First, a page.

Somebody will be wondering, so it’s worth bringing up right away. Because these final images are shown out of any context other than the theme being used, spoilers aren’t really an issue. Unless of course you haven’t watched E.T. yet, and you think it’s possible the kid dies in the end. For you, there is a spoiler.
The montage maestros from Plot Point Productions have created a calm and complex compilation of film frames furthering their fabulous…okay, so I don’t feel like doing alliteration anymore. PPP have made some excellent clips in the past, and focusing on final frames, as inspired by the
It’s no surprise that sci-fi makes the most appearances in the sections “awakening/creation” and “transcendence.” Successful stories hook you with a concept and then take you beyond the story itself and make that universe as real as our own. And since sci-fi also allows for cyclical narratives, it’s easy for them to get away with final shots that are in some way related to the very beginning of a movie. Vanilla Sky, THX-1138, 2010, 12 Monkeys all had radically different stories to tell, and they all end on their separate signature shots. It’s all about eyeballs and stars. People like to see things that are round at the end of a movie, as evidenced by many other examples.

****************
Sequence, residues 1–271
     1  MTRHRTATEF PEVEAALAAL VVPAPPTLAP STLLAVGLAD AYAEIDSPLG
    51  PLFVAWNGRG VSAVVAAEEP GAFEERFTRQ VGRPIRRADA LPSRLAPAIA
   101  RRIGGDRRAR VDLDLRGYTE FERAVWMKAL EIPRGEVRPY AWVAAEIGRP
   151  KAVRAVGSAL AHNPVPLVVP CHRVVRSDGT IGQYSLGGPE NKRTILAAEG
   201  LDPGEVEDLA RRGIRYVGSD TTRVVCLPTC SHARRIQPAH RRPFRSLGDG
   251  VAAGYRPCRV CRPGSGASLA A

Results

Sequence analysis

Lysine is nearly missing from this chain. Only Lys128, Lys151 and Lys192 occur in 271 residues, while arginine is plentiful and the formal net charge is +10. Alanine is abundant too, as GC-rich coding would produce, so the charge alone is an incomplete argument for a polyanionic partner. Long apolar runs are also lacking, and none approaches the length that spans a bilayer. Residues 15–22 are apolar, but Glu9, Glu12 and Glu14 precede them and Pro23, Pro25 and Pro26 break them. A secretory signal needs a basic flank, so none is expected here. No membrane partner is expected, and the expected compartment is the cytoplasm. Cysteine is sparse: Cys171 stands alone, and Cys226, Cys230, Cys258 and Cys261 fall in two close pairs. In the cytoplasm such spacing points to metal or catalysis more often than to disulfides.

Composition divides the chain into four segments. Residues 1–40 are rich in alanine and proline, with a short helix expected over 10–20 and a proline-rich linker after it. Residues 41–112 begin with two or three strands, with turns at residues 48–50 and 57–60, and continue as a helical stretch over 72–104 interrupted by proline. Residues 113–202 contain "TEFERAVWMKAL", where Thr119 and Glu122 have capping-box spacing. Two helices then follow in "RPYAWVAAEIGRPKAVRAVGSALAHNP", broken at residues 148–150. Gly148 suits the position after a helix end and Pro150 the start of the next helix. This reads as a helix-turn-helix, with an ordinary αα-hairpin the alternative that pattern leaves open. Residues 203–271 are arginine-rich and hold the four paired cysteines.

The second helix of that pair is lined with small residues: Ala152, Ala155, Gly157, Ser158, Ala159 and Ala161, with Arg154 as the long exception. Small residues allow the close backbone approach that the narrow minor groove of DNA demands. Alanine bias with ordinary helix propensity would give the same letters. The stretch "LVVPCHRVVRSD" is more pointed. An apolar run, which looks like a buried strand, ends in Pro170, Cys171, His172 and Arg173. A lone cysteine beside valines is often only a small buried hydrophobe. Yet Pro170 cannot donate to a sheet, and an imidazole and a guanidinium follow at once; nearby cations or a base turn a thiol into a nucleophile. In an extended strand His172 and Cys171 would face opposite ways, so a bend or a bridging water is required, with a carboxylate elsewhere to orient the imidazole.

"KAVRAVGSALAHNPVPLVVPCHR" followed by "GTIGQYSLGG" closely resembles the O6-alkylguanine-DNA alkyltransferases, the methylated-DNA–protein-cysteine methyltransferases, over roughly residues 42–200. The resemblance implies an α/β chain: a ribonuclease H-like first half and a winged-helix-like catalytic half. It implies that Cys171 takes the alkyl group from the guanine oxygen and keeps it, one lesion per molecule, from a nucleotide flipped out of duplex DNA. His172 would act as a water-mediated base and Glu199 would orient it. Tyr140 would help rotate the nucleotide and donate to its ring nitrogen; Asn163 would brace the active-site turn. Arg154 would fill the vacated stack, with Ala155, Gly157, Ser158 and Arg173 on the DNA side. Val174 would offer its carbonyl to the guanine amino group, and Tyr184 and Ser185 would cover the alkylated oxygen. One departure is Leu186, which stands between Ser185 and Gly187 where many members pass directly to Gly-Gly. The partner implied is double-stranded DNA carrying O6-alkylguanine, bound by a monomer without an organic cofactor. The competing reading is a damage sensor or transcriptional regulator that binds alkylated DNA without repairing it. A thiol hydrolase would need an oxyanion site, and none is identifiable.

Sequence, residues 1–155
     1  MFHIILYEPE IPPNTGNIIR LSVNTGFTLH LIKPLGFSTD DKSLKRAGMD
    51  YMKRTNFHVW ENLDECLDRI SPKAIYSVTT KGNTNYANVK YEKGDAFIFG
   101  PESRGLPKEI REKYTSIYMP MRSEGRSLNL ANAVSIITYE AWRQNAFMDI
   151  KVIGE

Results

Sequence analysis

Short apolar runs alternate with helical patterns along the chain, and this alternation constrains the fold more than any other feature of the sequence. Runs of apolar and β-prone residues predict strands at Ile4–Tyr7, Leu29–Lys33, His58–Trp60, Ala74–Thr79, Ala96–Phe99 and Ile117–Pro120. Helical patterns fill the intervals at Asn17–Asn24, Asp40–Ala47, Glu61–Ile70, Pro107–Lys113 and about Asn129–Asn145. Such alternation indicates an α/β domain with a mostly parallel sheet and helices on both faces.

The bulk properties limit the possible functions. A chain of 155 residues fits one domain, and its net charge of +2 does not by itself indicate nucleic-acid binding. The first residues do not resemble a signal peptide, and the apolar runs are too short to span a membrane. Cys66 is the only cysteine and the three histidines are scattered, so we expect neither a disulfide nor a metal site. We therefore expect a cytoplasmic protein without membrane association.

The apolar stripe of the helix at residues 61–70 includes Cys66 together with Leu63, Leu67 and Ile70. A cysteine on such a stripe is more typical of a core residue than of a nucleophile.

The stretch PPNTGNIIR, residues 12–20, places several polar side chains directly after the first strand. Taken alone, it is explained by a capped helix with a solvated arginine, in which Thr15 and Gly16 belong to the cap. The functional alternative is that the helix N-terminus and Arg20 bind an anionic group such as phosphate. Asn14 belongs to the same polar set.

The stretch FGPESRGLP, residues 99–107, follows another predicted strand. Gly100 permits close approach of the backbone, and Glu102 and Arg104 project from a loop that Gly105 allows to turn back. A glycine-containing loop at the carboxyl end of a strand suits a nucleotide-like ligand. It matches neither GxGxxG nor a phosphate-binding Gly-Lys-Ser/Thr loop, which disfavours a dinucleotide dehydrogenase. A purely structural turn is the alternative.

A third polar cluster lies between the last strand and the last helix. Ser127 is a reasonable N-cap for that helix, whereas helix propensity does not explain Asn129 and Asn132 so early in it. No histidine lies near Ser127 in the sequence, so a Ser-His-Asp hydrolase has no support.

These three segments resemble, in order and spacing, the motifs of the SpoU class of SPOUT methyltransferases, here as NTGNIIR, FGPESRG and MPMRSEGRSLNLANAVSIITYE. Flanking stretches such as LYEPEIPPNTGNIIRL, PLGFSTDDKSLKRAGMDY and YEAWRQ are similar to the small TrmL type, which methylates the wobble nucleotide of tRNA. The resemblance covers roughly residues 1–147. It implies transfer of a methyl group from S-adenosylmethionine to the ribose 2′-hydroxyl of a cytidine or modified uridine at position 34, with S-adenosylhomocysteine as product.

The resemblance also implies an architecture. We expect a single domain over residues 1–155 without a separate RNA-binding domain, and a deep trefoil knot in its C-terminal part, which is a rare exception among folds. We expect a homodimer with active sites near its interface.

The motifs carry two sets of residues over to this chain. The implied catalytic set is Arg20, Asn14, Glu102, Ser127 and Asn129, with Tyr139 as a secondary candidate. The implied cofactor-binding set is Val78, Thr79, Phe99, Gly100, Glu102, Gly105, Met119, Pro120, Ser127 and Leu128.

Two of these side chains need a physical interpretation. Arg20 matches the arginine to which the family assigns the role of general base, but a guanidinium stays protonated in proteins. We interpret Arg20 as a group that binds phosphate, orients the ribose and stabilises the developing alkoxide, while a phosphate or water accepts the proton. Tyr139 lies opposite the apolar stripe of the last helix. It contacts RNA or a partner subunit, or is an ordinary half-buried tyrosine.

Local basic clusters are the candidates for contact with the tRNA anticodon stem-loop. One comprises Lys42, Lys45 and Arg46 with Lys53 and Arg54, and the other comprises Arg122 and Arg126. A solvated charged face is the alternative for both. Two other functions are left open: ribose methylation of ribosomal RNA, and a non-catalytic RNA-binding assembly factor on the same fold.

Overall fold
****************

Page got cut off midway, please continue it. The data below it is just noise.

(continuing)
On the transcendent side of things, there are a lot of dreams realized and mental hurdles leaped during these shots, both in the characters and in the viewers. Close Encounters makes one feel like they can believe in anything, as does The Right Stuff, whose Space Race focus is the main representation of the “science” side of our interests. Of course, sometimes all you need to get a “wow” is a trippy tunnel of lights or an alien baby. There’s nothing wrong with the endings to all of the non-sci-fi films on this list, of course. But I’m saying the genre films represent the most interesting ones. Biased? Absolutely.
PPP also recently put out a video called Gravity: A Falling Montage, which also features a healthy dose of sci-fi entries.
And if it’s just a supercut kind of a day for you, the dystopian film montage is extremely upbeat and non-dismal.